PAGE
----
For the last 27 years, the Holtzman lab has been endeavored to better understand mechanisms underlying neurodegeneration, particularly as they are relevant to Alzheimer’s disease (AD).

The lab has published extensively on

  • Neurobiology of apoE and its receptors
  • How apoE, Aβ binding molecules, and other factors such as neuronal activity, glucose, insulin and sleep influence Aβ metabolism
  • How apoE, TREM2, astrocytes and microglia interact to influence Aβ-mediated tau seeding and spreading, as well as, tau-mediated neurodegeneration
  • How the sleep-wake cycle influences Aβ, tau and other factors to influence AD pathogenesis

David Holtzman, MD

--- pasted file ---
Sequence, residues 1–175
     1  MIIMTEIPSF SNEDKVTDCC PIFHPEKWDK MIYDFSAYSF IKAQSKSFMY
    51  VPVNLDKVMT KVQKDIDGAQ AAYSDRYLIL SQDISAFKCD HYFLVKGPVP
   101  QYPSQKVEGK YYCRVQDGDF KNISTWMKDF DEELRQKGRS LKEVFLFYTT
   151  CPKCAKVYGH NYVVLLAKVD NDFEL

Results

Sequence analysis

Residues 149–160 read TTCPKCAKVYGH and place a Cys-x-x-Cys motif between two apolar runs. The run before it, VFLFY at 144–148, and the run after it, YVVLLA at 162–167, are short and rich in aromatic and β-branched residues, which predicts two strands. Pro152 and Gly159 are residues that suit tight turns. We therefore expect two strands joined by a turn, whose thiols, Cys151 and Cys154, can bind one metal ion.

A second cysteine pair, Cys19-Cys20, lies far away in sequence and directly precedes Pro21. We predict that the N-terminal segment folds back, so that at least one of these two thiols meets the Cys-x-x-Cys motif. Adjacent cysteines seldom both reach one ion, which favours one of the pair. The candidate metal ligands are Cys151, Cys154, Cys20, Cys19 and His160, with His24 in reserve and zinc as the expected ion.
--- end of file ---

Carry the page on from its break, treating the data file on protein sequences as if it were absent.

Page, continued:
David Holtzman received his BS (1983) and MD (1985) from Northwestern University followed by a Neurology residency at UCSF from 1985-1989. He did post-doctoral research at UCSF from 1989-1994. He moved to Washington University in 1994 as an Assistant Professor and after moving up the faculty ranks and was Professor and Chair of Neurology at Washington University from 2003-2021.  He is currently Professor of Neurology, scientific director of the Hope Center for Neurological Disorders, and Associate Director of the Knight ADRC. Some of his lab’s accomplishments include showing in part how APOE contributes to AD, development of biomarkers for AD, demonstration that synaptic activity and sleep affect Aβ and tau levels in vivo, describing the effects of APOE, TREM2, and microglia on tau-mediated neurodegeneration, and development of an anti-Aβ antibody in a phase III secondary prevention trial for AD (A4) and an anti-ApoE antibody being developed for human trials. Several of his honors include being a recipient of the Potamkin prize and MetLife award for research on Alzheimer’s disease, Rainwater Prize for outstanding innovation in neurodegenerative disease research, election to the National Academy of Medicine, election to the National Academy of Inventors, being appointed to the National Advisory council of the NINDS and NIA, the Chancellor’s award for innovation and entrepreneurship and the Carl and Gerty Cori award from Washington University, elected Fellow of the AAAS, and being past president of the American Neurological Association. Holtzman has trained over 70 graduate students, post-doctoral fellows, and physician-scientists, many of whom have gone on to successful careers in academia and industry.